For over 40 years I have been an avid reader of DMLJ, and I will be eternally grateful to the Banner for making so many of his books and sermons available to a wider reading Christian public.  

In my reading, I have noticed something to which I wish to draw your attention.  First, when reading through his sermons, he always quoted frequently from the hymns of the great hymn-writers of the past, and used these to illustrate some point he was making.  This practice gave me a greater appreciation of Christian hymnody, and saw how hymns could be used to light up a text of Scripture or some truth that was being expounded.

However, when I turned to his sermons on Ephesians, I discovered either that he deliberately skipped that portion (5:19, 20) which is most unlikely, given the Doctor's concern to deal exhaustively with his text; or else someone else made the decision to delete his exposition of these verses for some other reason.  If the reason is the former, then that's one thing, however unlikely it might be, but if it is the latter, then someone has decided to distort the Doctor's theology and practice by removing these sermons for the published series.  In this series, as in all his preaching, he deals thoroughly with every text, so it is most strange that he skipped over these two verses and proceeded on to v.21.

A similar policy decision was taken by Banner editors not to include DMLJ's sermon on Roman Catholicism (originally sermon 16) also in the Ephesians series where the Doctor was expounding "the wiles of the devil" in Eph.6.  One must ask, Why was this done and who authorised such an omission?  This can be viewed as shewing the Doctor's teaching, and again I ask, What was the thinking behind this move?

Another Right Question!

In an earlier post I suggested that in churches where the minister is having difficulty through opposition to the Gospel, the right question to ask is, What is God doing in our midst?

Another pertinent question that ministers can ask is, What is the Lord doing in my life?  This is a profoundly personal question, and one that can shake us to the core.  And if the question can do that, what effect will the answer not have on us!

Yet it is a vitally important question to ask.  If God is working within His church, it follows as night does the day that He is also working in us.  So what is He doing in us?  What lessons is He teaching us?  What does He want us to learn?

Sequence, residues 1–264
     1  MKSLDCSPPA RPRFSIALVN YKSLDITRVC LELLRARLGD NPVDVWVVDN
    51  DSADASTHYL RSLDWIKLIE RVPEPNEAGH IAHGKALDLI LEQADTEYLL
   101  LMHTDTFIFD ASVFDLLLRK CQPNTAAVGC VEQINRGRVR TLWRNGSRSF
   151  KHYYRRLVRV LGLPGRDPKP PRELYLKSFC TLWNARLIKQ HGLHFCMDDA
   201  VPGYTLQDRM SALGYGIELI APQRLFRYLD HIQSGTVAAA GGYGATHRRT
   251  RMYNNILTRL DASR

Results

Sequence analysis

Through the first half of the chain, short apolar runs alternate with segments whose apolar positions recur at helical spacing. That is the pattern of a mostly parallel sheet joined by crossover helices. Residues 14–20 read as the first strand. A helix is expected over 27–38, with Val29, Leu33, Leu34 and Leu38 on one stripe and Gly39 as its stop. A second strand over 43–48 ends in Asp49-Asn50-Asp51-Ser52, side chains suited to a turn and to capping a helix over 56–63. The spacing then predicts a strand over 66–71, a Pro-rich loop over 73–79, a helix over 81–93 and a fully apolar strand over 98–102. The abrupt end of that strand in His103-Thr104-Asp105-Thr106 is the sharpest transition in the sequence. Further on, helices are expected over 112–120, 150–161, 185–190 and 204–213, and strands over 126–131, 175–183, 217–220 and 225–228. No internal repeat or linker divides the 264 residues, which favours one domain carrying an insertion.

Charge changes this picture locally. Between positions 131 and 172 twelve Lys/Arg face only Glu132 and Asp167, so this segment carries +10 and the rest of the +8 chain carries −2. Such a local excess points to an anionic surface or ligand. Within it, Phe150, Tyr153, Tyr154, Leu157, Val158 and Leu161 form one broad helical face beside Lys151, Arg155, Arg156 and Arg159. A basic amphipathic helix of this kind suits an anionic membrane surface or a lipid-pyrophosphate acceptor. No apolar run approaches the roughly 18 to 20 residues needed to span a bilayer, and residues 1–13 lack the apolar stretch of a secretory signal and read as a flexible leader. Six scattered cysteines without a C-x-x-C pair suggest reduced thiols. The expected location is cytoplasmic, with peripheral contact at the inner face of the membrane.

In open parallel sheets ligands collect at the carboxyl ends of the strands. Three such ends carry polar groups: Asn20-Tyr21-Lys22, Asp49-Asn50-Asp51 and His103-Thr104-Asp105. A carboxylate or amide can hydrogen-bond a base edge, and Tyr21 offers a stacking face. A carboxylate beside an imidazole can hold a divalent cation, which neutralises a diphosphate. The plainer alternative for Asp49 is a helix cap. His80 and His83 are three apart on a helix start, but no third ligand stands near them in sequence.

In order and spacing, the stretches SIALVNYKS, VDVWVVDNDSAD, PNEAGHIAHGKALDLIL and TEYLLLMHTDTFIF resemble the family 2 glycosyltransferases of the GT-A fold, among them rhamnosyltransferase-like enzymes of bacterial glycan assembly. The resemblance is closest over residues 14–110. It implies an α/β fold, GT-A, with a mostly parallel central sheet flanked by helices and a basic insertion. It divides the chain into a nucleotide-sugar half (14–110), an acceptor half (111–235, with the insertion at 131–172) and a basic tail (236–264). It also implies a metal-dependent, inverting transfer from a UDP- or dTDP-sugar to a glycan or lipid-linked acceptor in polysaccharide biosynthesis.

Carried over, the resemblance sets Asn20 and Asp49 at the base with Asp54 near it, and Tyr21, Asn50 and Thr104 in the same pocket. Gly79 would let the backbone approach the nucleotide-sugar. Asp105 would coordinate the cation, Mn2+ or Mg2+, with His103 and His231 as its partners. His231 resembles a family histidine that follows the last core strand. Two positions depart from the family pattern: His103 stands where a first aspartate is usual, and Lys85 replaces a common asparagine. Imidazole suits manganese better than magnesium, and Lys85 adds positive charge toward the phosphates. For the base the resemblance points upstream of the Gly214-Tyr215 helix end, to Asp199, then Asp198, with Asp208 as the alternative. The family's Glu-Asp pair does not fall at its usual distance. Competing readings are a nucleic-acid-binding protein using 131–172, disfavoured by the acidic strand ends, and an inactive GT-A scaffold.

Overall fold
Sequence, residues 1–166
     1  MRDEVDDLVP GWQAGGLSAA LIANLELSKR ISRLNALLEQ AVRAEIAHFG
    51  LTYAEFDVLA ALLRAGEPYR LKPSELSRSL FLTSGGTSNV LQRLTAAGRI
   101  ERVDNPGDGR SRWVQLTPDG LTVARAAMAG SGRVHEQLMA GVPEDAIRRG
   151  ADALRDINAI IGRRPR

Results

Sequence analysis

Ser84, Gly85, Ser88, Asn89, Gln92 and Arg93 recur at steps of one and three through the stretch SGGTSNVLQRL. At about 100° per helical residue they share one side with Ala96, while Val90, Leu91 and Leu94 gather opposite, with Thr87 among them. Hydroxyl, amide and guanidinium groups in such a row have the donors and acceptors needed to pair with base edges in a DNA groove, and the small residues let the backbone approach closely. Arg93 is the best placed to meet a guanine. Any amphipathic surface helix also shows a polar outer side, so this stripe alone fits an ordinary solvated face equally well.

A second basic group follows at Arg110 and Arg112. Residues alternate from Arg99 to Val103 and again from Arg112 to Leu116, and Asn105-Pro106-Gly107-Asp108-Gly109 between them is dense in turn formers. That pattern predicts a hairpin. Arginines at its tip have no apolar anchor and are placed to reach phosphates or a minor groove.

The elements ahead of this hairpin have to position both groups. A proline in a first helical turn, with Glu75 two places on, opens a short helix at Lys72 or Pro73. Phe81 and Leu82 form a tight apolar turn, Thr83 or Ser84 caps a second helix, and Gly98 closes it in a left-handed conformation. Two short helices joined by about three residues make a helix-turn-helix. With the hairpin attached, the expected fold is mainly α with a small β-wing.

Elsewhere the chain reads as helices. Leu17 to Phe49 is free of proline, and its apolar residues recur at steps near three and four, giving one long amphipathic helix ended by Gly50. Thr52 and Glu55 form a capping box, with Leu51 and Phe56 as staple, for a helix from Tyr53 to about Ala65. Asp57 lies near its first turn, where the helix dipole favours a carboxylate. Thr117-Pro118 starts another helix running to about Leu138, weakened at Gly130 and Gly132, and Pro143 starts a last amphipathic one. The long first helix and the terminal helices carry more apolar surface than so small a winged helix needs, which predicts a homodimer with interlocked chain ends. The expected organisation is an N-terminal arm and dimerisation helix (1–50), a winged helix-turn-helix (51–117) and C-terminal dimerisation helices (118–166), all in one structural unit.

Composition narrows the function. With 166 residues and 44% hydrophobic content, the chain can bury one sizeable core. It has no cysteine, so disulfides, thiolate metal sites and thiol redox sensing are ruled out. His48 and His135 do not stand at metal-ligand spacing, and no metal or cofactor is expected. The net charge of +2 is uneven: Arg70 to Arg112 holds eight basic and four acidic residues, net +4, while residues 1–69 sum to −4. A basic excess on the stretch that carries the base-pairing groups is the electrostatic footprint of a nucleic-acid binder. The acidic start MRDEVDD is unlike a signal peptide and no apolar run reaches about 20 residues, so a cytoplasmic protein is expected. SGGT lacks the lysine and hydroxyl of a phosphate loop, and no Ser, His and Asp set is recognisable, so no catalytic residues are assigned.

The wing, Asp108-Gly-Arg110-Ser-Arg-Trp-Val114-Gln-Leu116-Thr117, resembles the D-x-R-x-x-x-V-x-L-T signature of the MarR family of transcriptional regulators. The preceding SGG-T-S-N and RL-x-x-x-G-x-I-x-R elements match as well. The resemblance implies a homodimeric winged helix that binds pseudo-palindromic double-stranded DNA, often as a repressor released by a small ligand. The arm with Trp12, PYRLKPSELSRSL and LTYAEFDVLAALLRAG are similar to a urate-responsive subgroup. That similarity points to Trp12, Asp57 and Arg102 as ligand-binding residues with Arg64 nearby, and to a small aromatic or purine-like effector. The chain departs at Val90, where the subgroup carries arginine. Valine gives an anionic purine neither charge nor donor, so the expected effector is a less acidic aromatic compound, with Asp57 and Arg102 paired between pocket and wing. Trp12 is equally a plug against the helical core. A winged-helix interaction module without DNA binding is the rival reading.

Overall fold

Unnerving questions indeed!  But we must ask them if we are to grow in grace and in the knowledge of Christ. We must face up to what God is doing, not only through us, but IN us. 

Monday, 26 December 2011

New Book on Calvin and Calvinism

I trust you have a really blessed time as you remembered and celebrated the birth of the Saviour of the world, our Lord Jesus Christ.  As we often say, it is as far behind as ever, and we are looking at a brand new year still unspoiled by human sin and corruption.  

My reason for writing is to tell you that our new book, John Calvin 500, has just come off the printing presses, and I received mine just before Christmas.  This contains the reports/lectures/papers delivered by six speakers and dealt with six different aspects of Calvin's life and thought.

The six chapters are:
1.  Calvin and Christ - The Faith (David Bond)
2.  Calvin and Calvinism - Amyraut et al (Rev. Dr Alan C. Clifford, the editor of the book)
3.  Calvin and Church - Presbyterian Order (Dr Ronald Barnett)
4.  Calvin and Covenant - Baptism (Rev. Stephen Quinton)
5.  Calvin and Comfort - Assurance (Rev. J. Nigel Westhead)
6.  Calvin and Courage - Under the Cross (Rev. Dr J. E. Hazlett Lynch).

A seventh chapter was added, being the paper delivered by Dr Alan Clifford at the International Calvin Congress held in Geneva in May 2009, entitled John Calvin and John Wesley: an English Perspective.

I am sure that not everyone who reads this book will agree with everything that is said, given that its emphasis is thoroughly Calvinistic and therefore Presbyterian in orientation.  That said, I doubt if readers will not derive some benefit from these papers, all of which seek to expound authentic Calvinism, or the Calvinism of John Calvin, in a clear and practical way.

You can order your copies from me, price £12.50 plus P&P. 

If you know of others who would benefit from this book, please give them my contact details, or perhaps you could order the book for them from me.  This will help sustain my work as well as promote the church of the Gospel.